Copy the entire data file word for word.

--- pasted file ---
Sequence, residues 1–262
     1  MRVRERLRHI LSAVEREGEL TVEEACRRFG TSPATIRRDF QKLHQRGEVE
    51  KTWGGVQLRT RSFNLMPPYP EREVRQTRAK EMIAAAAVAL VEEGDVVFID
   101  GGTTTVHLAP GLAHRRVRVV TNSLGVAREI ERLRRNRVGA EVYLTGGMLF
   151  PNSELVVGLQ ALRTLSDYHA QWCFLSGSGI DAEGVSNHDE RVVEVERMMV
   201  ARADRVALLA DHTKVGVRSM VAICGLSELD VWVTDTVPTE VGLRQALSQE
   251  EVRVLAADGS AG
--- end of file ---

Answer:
Sequence, residues 1–262
     1  MRVRERLRHI LSAVEREGEL TVEEACRRFG TSPATIRRDF QKLHQRGEVE
    51  KTWGGVQLRT RSFNLMPPYP EREVRQTRAK EMIAAAAVAL VEEGDVVFID
   101  GGTTTVHLAP GLAHRRVRVV TNSLGVAREI ERLRRNRVGA EVYLTGGMLF
   151  PNSELVVGLQ ALRTLSDYHA QWCFLSGSGI DAEGVSNHDE RVVEVERMMV
   201  ARADRVALLA DHTKVGVRSM VAICGLSELD VWVTDTVPTE VGLRQALSQE
   251  EVRVLAADGS AG